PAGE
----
FOR LAWYERS

Acetone

By
James Parker
/
July 16, 2023
Last reviewed by
Joanna Smykowski, Esq.
/
August 16, 2023

What Is Acetone?

Acetone is a substance that is naturally produced by the body when there is a low level of sugar in the blood. There are several conditions that can cause a high level of acetone in the body, including diabetes, eating a low-carb diet, and fasting. High acetone levels can be picked up by a breathalyzer used to analyze the amount of alcohol in a person’s body and can register as alcohol. A person who is pulled over and given a breathalyzer test may be falsely accused of being intoxicated due to high levels of acetone on the breath.

Ketoacidosis is a dangerous health condition that can result from a high level of ketones in the blood. Ketosis is a condition indicative of weight loss occurring in the body. Both of these conditions result in a higher level of acetone in the body than normal. This acetone turns into isopropanol, naturally-occurring alcohol that is not related to ethanol (the type of alcohol found in wine, beer, and liquor).

Key Takeaways

  • Acetone is naturally produced by the body during periods of low blood sugar. 
  • In many states, breathalyzer tests are unable to differentiate between isopropanol and ethanol. This can result in a DUI charge when a person has not been drinking or has been drinking but does not have a blood alcohol level high enough to be charged with a DUI.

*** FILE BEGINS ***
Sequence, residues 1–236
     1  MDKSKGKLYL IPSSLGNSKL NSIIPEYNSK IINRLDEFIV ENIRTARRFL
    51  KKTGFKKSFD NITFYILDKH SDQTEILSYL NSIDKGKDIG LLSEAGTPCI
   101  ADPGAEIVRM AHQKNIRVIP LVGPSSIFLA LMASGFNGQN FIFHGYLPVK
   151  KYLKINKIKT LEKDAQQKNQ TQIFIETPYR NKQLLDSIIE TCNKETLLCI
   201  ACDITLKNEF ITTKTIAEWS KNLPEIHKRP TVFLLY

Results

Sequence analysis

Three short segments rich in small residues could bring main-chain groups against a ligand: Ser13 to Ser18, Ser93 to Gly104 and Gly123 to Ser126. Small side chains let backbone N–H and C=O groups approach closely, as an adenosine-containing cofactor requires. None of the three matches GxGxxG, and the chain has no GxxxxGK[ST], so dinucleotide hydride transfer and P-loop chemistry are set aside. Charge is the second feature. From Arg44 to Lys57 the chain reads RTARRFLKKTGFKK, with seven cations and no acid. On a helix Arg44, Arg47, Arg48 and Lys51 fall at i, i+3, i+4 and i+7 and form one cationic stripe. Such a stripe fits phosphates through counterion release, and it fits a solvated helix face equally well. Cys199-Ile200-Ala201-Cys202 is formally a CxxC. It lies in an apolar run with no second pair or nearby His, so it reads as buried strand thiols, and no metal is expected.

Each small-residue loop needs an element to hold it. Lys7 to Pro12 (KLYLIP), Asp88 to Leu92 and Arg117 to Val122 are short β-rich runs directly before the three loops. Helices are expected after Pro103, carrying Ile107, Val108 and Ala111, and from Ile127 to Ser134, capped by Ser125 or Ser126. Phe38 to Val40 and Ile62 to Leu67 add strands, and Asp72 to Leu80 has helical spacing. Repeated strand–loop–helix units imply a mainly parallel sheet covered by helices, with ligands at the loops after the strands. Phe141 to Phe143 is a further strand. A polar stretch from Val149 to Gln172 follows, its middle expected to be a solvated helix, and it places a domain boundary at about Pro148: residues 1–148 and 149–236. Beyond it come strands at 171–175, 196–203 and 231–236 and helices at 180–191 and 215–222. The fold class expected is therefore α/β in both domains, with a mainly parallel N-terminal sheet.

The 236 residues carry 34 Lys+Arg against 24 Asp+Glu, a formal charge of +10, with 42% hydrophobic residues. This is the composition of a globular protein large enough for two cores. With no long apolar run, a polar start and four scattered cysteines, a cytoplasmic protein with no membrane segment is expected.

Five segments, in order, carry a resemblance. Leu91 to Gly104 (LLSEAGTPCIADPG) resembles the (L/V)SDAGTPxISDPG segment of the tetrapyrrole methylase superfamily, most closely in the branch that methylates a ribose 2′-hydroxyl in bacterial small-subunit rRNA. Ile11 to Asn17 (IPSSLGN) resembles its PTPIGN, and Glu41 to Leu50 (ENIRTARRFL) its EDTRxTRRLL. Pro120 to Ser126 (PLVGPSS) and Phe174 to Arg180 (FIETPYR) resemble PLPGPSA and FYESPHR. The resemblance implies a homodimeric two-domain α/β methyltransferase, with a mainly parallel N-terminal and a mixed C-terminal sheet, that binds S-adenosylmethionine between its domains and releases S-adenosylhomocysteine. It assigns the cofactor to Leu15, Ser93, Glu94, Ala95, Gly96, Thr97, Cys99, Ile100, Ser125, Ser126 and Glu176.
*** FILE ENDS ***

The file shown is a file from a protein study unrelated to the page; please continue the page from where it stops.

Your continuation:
• If you’ve been convicted of a DUI related to high acetone levels, it’s important to work with an attorney who has experience fighting charges like yours.

Acetone and Driving Under the Influence (DUI) Charges

Many people experience physical conditions that can cause the formation of acetone, making it more likely that they’d have tested positive for having on their breath during a routine traffic stop. In many states, breathalyzer tests are unable to differentiate between acetone and ethanol (the chemical that indicates blood alcohol levels). This means that people who are experiencing ketosis or ketoacidosis due to health conditions or following a special diet may be more likely to be accused of driving under the influence than someone to whom these conditions do not apply. 

This can become especially problematic if someone who has high acetone levels consumes a safe amount of alcohol and is pulled over. If an officer smells alcohol and indicates as such in their police report, it can be difficult for the person accused of driving under the influence to fight the charge. People who have high acetone levels due to health or dietary reasons and are accused of driving under the influence need to work with a lawyer who is experienced in fighting this type of case. 

Sophisticated breathalyzer tests are able to differentiate between acetone and ethanol, but many states use breathalyzer tests that cannot discern between the two substances. Many people feel that states choosing to use breathalyzers that cannot differentiate between acetone and ethanol is a violation of a person’s rights, as the results from these breathalyzers can lead to a false conviction of driving under the influence.

The Impact of Acetone on DUI Charges